Borregaard's bioethanol in Statoil's petrol
Bioethanol produced by Borregaard will be delivered to motorists who fill Bensin95 at Statoil petrol stations in eastern Norway.
Borregaard has entered into an agreement with Statoil concerning sale of all the company can deliver of available bioethanol, which is a quantity of 44,000 litres per month. Statoil will be picking up its first load this week.
Borregaard is the world's largest manufacturer of 2nd generation bioethanol, with a production of around 20 million litres per year. The bioethanol that is produced in Borregaard's biorefinery is produced by extracting sugar from wood, which is then fermented to make ethanol. At present, Borregaard delivers bioethanol from its Sarpsborg facility for heavy goods vehicles and buses in the Oslo region. The contract with Statoil means that the company can also deliver the additive for use in cars:
"This means that we now deliver around a quarter of our bioethanol production for fuel. Our products have a good climate footprint, with a reduction in CO2 of at least 80%, compared with conventional fuel. Based on our current production, it may be possible to increase deliveries to the fuel market," says Pål Espen Ramberg, Borregaard's manager for ethanol production.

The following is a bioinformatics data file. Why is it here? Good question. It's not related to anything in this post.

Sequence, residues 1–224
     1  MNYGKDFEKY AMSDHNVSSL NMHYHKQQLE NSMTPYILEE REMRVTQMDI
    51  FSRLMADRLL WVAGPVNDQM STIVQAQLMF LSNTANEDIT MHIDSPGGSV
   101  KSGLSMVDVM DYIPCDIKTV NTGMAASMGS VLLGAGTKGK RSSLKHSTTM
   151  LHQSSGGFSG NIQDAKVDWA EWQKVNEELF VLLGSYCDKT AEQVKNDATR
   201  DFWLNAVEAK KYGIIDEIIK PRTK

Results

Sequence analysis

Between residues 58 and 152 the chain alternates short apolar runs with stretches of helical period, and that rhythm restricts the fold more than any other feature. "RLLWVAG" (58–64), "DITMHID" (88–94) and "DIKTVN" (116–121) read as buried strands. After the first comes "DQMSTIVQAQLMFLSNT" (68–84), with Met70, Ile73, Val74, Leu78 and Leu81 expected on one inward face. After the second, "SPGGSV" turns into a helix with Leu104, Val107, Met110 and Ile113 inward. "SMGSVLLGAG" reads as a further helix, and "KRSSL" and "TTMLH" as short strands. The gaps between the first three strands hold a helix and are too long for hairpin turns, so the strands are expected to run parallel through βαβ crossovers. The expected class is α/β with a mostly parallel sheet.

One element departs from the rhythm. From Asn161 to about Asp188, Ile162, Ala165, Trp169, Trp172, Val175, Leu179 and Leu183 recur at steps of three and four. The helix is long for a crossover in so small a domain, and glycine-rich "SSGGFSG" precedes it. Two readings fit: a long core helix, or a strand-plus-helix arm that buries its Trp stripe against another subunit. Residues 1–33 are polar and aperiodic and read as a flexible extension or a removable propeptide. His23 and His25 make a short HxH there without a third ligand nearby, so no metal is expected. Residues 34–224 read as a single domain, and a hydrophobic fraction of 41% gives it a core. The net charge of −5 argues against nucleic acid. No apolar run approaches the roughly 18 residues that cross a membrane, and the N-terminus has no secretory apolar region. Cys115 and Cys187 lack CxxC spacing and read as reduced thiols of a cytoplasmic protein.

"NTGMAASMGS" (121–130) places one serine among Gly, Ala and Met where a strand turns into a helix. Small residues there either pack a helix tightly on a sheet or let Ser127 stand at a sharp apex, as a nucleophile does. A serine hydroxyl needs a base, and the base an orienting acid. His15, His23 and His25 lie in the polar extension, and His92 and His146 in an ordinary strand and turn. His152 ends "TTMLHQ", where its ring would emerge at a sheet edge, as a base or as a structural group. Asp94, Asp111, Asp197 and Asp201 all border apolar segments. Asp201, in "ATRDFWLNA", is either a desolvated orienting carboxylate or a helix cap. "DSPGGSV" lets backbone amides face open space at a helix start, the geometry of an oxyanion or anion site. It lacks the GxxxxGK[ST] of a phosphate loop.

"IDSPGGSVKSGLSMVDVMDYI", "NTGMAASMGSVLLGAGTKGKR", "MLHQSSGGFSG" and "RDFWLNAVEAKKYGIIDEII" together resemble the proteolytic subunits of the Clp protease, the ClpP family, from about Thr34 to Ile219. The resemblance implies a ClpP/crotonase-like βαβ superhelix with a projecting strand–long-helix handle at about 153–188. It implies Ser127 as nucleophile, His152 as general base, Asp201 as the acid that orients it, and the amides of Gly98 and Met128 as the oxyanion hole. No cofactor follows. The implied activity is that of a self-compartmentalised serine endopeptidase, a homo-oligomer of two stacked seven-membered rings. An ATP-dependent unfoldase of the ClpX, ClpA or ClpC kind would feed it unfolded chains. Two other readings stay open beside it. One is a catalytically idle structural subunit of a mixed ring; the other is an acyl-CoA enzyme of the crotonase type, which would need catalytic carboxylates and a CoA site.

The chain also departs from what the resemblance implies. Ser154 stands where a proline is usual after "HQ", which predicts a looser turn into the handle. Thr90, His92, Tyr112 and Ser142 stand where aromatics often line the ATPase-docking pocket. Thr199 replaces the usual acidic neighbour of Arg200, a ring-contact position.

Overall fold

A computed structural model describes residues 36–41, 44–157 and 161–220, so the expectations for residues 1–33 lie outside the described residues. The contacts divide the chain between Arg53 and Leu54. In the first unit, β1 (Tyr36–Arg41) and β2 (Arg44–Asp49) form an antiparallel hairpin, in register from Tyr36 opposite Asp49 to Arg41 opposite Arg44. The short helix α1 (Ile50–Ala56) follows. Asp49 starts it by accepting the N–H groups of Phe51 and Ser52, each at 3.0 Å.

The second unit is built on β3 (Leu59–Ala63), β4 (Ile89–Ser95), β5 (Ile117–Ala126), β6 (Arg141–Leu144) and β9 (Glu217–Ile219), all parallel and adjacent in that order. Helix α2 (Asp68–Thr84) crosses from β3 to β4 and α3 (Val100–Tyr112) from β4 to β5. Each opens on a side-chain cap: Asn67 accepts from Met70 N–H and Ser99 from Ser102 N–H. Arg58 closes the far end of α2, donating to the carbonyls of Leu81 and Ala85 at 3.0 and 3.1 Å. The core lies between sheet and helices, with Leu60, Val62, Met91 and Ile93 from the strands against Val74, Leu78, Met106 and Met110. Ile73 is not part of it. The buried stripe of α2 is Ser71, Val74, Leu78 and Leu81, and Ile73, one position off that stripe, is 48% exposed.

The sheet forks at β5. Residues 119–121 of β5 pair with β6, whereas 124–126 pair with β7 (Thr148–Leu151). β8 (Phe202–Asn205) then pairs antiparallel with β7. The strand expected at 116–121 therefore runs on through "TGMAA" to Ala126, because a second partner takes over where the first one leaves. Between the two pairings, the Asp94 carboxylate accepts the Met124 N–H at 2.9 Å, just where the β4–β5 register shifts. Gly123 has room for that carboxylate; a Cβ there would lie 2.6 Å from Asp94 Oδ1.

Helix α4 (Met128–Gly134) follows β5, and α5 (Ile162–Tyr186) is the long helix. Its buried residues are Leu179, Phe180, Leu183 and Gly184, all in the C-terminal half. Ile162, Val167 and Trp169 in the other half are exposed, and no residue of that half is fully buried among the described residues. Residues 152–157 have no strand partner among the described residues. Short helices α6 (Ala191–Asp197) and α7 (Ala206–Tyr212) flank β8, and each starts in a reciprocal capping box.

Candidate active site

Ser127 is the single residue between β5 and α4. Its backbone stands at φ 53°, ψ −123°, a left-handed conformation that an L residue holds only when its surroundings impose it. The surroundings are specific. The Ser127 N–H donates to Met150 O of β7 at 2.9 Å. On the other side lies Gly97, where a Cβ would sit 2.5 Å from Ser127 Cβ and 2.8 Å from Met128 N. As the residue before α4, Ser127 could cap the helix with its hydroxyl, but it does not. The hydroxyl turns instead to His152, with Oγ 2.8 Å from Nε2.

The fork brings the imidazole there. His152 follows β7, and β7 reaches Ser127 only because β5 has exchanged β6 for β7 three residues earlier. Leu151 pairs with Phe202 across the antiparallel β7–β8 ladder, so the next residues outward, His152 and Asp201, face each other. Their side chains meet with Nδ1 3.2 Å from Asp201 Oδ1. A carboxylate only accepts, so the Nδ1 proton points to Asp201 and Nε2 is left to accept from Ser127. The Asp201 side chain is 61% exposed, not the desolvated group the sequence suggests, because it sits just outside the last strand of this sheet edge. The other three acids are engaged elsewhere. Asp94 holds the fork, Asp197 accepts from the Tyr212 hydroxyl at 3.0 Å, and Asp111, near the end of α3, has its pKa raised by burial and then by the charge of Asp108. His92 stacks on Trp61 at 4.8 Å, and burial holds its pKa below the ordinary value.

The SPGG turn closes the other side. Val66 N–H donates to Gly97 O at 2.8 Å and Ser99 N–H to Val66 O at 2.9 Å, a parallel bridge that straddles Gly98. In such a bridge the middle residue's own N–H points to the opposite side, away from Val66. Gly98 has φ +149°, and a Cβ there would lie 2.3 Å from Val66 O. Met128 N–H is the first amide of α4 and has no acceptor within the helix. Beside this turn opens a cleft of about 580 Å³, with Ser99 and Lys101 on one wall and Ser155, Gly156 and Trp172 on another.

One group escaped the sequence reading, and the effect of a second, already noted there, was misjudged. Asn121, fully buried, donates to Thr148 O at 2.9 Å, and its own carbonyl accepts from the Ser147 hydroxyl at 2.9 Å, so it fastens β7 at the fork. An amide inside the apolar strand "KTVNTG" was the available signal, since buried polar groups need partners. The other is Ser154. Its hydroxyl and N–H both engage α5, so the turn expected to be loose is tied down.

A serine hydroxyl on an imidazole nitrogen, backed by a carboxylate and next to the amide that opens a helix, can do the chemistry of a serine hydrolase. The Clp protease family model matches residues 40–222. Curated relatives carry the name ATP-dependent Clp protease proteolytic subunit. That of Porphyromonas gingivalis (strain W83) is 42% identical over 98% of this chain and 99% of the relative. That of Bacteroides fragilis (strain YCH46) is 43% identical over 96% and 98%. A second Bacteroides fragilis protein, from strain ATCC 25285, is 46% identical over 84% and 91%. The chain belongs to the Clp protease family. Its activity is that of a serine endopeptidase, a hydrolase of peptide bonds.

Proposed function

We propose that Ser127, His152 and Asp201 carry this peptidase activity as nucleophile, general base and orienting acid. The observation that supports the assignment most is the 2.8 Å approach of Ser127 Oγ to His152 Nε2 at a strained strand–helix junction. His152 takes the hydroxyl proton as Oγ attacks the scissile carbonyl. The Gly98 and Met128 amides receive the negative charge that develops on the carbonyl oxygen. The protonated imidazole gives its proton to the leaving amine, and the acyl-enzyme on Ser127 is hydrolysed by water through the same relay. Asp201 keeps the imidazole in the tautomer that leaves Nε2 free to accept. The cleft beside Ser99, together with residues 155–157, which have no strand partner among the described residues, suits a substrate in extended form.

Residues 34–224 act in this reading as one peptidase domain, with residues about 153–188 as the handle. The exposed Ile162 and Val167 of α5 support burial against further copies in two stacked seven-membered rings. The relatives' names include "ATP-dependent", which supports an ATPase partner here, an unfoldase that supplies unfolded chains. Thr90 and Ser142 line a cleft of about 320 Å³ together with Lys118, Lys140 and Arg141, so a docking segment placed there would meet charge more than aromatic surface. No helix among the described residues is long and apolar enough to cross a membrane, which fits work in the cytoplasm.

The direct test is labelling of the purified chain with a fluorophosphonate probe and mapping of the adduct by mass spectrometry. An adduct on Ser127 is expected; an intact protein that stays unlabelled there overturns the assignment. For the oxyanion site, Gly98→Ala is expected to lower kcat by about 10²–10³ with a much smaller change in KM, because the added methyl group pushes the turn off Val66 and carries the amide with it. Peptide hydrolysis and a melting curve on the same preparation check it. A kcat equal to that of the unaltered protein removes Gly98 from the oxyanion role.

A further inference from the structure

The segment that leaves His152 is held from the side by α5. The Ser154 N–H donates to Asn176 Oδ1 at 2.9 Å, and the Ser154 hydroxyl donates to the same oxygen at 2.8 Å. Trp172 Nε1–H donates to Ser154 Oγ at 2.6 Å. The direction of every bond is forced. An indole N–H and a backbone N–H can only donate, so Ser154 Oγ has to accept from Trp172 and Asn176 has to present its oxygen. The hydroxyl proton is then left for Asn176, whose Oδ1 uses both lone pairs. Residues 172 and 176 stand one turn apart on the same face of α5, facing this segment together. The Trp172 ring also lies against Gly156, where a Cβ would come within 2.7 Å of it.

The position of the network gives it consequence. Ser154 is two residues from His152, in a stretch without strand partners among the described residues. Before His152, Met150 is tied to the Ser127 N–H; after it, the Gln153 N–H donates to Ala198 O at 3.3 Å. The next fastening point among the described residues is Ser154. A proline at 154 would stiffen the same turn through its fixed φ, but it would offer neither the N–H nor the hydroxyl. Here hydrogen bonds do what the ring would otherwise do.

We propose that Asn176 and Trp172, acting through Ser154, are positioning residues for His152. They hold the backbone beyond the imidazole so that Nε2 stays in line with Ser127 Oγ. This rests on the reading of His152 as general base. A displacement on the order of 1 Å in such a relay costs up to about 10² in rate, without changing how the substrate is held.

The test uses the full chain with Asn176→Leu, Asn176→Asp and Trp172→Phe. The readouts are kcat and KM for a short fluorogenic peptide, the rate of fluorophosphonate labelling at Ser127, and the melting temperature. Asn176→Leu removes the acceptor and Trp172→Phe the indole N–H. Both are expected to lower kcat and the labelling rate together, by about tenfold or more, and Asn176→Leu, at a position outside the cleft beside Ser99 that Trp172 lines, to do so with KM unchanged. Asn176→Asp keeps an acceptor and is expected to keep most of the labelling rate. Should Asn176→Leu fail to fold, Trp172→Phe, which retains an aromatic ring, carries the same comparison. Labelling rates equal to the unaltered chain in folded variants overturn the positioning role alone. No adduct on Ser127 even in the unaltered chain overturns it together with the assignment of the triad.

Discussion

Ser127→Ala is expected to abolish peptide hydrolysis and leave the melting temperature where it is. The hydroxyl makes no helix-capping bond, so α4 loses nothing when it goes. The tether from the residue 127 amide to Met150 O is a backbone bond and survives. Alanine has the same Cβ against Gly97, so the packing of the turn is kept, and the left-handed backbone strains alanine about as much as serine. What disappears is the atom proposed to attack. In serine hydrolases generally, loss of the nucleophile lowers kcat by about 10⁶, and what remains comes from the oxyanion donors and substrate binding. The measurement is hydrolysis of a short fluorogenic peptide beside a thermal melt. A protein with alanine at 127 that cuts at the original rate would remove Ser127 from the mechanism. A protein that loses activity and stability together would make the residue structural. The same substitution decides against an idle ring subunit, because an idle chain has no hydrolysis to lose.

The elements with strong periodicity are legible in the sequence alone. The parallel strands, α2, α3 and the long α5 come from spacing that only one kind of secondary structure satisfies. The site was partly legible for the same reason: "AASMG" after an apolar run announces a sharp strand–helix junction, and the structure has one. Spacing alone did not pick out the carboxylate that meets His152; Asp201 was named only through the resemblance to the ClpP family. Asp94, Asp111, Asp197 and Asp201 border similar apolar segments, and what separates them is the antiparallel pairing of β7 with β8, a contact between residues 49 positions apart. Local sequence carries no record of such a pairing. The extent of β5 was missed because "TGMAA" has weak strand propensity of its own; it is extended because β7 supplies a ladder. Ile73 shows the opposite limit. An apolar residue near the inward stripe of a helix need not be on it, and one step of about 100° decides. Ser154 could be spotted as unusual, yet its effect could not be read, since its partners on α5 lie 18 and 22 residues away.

"By mixing bioethanol with normal petrol, the highest possible numbers of motorists will be able to drive on environmentally sound Norwegian bioethanol. This is a positive development and a step in the right direction. We are certain that this is an important and specific measure that will reduce emissions from the transport sector for many decades to come," says Dag Roger Rinde, Managing Director of Statoil Norge AS.
The ethanol is mixed with the petrol that is delivered from Sjursøya in Oslo to Statoil petrol stations in eastern Norway. All of the bioethanol that Statoil Norge uses complies with the European standard for ethanol used as a petrol additive, and all vehicles that can drive on Bensin95 can use Bensin95 containing five percent bioethanol.
The contract with Statoil contributes to an exciting collaboration and is in line with the long-term investment areas at Borregaard. The company has developed a new process for production of bioethanol and biochemicals from various biomasses (including waste products from agriculture) and is in the process of building a NOK 130 million pilot plant to develop this process. Borregaard has been given NOK 58 million in funding for this project from Innovation Norway's support scheme for environmental technology, which emphasises the development of 2nd generation biofuels.
For the first time in history, Norwegian, wood-based bioethanol is to be added to petrol for Norwegian consumers.